By: Reyneke van Wyk, Head of Investment Management at Stonehage Fleming (South Africa)
The global impact of Covid-19 will likely result in a prolonged low growth environment. Supply chains have been severely disrupted and demand has collapsed. Even as activity restarts, unemployment levels will remain high, while central banks keep interest rates low for an extended period.
As markets emerge from the crisis at differing paces, we expect the recovery of countries to depend on a combination of factors including, but not limited to; overall economic position prior to Covid-19, practical and financial response to the virus and importantly, the sectors that make up a large component of their economy. For example, with the low oil price, oil importers are much less vulnerable than exporters. Countries with strong technology and healthcare sectors, which are more resilient with some even benefiting from the crisis, are in a much stronger position relative to those countries very reliant on tourism, which will take much longer to recover.
The South African economy was in a poor position coming into the Covid-19 crisis, already in a recession with large fiscal deficits and rapidly increasing debt levels. Excluding Naspers, there are very few globally competitive companies in the most resilient sectors. Taking all factors into account, South Africa’s recovery could be relatively slow. Arguably, markets were already pricing in the poor economic outlook, however the question now is whether “even cheaper” South African assets are fully pricing the additional economic impact of the virus.
Considerations for offshore investment
Stonehage Fleming has advised families for years to follow a disciplined and consistent approach to invest surplus capital offshore every year, which has typically resulted in foreign allocations of between 50-80% of total assets. Surplus assets are defined as those assets not required to sustain the desired living standards and business interests in South Africa in the medium term. Surplus assets should be defined for each individual or family and a long term strategic offshore target allocation should then be agreed.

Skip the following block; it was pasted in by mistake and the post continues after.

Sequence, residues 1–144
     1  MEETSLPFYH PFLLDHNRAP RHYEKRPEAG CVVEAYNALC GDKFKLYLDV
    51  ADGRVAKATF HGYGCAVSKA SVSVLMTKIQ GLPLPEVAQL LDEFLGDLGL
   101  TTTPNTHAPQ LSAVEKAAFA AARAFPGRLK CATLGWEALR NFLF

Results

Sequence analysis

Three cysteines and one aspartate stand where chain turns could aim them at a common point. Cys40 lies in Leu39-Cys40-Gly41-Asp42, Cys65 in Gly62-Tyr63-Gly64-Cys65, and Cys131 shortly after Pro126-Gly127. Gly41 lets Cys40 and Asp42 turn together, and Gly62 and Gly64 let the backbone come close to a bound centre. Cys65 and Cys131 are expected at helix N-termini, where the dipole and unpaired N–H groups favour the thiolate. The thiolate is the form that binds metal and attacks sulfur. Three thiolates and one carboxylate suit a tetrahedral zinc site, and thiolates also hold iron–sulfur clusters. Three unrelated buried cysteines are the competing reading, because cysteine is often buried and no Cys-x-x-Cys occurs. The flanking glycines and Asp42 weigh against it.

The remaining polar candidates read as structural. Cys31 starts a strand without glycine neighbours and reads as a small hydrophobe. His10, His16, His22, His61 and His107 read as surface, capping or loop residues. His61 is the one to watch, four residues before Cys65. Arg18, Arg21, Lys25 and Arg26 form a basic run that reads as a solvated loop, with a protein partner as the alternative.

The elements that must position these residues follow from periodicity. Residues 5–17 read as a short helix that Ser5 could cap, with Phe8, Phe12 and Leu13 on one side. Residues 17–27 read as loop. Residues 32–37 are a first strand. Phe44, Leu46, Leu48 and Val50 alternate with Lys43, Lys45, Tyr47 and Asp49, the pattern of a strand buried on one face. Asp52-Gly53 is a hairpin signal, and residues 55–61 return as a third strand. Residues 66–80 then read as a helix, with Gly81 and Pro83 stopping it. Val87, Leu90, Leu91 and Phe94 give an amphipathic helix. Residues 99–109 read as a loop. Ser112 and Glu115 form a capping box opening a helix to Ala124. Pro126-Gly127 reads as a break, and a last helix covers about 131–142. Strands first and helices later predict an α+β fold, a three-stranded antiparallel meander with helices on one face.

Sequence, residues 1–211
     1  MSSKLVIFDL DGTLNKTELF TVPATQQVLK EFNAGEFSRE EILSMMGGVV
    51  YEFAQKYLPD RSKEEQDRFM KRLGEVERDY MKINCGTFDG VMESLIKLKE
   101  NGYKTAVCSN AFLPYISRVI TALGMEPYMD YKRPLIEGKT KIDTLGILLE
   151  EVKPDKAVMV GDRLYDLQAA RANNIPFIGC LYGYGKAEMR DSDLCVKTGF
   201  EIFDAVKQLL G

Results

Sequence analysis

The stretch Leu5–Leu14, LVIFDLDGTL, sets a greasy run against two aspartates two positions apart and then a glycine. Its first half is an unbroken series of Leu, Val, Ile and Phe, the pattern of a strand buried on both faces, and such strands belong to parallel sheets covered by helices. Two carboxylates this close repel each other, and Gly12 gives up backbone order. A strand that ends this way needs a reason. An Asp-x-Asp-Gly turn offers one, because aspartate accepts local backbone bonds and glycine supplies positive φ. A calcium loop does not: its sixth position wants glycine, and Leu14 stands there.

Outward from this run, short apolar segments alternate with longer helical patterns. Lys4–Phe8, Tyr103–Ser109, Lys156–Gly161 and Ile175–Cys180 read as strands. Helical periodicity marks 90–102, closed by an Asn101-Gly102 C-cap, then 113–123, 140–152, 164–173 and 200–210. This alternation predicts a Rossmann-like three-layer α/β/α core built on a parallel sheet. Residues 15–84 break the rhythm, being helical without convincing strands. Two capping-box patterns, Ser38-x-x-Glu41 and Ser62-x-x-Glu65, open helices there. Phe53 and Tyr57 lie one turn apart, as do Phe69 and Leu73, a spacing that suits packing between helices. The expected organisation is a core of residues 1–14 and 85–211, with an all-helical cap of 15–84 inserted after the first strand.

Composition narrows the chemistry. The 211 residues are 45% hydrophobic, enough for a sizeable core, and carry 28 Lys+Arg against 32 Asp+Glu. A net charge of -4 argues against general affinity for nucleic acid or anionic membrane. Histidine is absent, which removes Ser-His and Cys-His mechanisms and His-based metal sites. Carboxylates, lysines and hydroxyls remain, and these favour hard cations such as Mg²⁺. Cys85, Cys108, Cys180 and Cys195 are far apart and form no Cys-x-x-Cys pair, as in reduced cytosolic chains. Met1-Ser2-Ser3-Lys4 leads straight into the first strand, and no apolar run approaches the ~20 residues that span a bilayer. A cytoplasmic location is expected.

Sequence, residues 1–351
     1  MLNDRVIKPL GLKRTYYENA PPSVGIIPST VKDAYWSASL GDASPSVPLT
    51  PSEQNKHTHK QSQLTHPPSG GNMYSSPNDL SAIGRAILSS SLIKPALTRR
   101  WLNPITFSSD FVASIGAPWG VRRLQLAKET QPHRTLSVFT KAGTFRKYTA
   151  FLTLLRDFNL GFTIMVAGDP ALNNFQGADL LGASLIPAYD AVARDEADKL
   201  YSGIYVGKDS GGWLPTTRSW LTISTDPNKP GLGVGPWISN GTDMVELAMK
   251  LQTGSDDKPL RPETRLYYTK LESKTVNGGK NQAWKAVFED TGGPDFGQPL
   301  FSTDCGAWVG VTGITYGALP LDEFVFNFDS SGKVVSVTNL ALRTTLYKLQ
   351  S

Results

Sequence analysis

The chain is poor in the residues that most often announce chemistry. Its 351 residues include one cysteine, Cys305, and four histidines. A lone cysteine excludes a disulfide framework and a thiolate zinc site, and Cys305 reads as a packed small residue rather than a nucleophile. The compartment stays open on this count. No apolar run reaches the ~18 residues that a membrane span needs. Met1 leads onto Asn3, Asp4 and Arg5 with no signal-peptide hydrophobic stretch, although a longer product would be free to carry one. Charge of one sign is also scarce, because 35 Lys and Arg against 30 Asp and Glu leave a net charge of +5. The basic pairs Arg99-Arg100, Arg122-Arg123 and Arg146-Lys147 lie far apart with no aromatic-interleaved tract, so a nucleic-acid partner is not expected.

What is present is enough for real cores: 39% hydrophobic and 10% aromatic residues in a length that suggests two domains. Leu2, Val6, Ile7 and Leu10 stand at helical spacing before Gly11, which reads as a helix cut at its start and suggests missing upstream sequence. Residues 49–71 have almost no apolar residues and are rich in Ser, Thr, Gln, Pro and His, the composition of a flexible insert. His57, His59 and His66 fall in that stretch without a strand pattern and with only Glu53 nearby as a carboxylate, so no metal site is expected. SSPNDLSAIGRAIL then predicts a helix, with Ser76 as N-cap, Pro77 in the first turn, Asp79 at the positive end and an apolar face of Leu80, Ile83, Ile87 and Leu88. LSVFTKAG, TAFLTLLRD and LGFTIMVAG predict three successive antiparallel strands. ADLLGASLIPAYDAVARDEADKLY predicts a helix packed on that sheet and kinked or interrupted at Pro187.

In a time of Covid-19, the decision to continue externalising capital at the current weak levels of the Rand depends on two key factors: firstly, the availability of additional long-term surplus capital and secondly, an investor’s current local/offshore allocation relative to the long-term target split. For example, if the investor’s long-term target offshore allocation is 60% of net assets and the current offshore allocation is 40%, they should continue to externalise assets.
It is crucial to follow a phased approach over a targeted time period to reduce exposure to a single currency level and also reduce the risk of emotional investment decisions. If already invested 60% offshore in line with the long-term target, an additional offshore allocation is not required now, unless the investor’s situation has changed and more surplus capital has become available for example.
The firm’s internal and external research indicates that the level of the currency (timing the currency) becomes less important when a phased externalisation approach (such as annually) is followed in the long-term, i.e. the difference in long-term returns is very small for investors who externalise assets each year, whether externalised at the best, worst or average exchange rate every year.
Asset allocation for best risk-adjusted returns
Much wider credit spreads compensate investors for expected defaults. Although these spreads have tightened significantly from the levels seen at the worst point in March, we retain our increased global exposure to quality corporate bonds, with selective high yield and limited Emerging Market debt exposure.
Balance sheet strength has become even more important. The relative attraction of growth themes supported by technology has increased further and we believe that the world will become more focused on health and wellbeing. We are maintaining the tilt in our equity strategies (passive and active) towards quality and growth.
We also believe it is important to maintain a higher level of liquidity to take advantage of any further market dislocations.
The pandemic presents an opportunity for advisers and investors to revisit the investor’s long-term needs and objectives. Discussions should be held around portfolio declines experienced compared to the agreed risk ‘budget’, the investor’s capacity for future declines and general risk appetite, as well as any changes in the investor’s time horizon or income needs as a result of the crisis.
Choosing the appropriate investment adviser is also an important consideration, with an alignment of interests, global experience and depth of resources among the key factors to consider.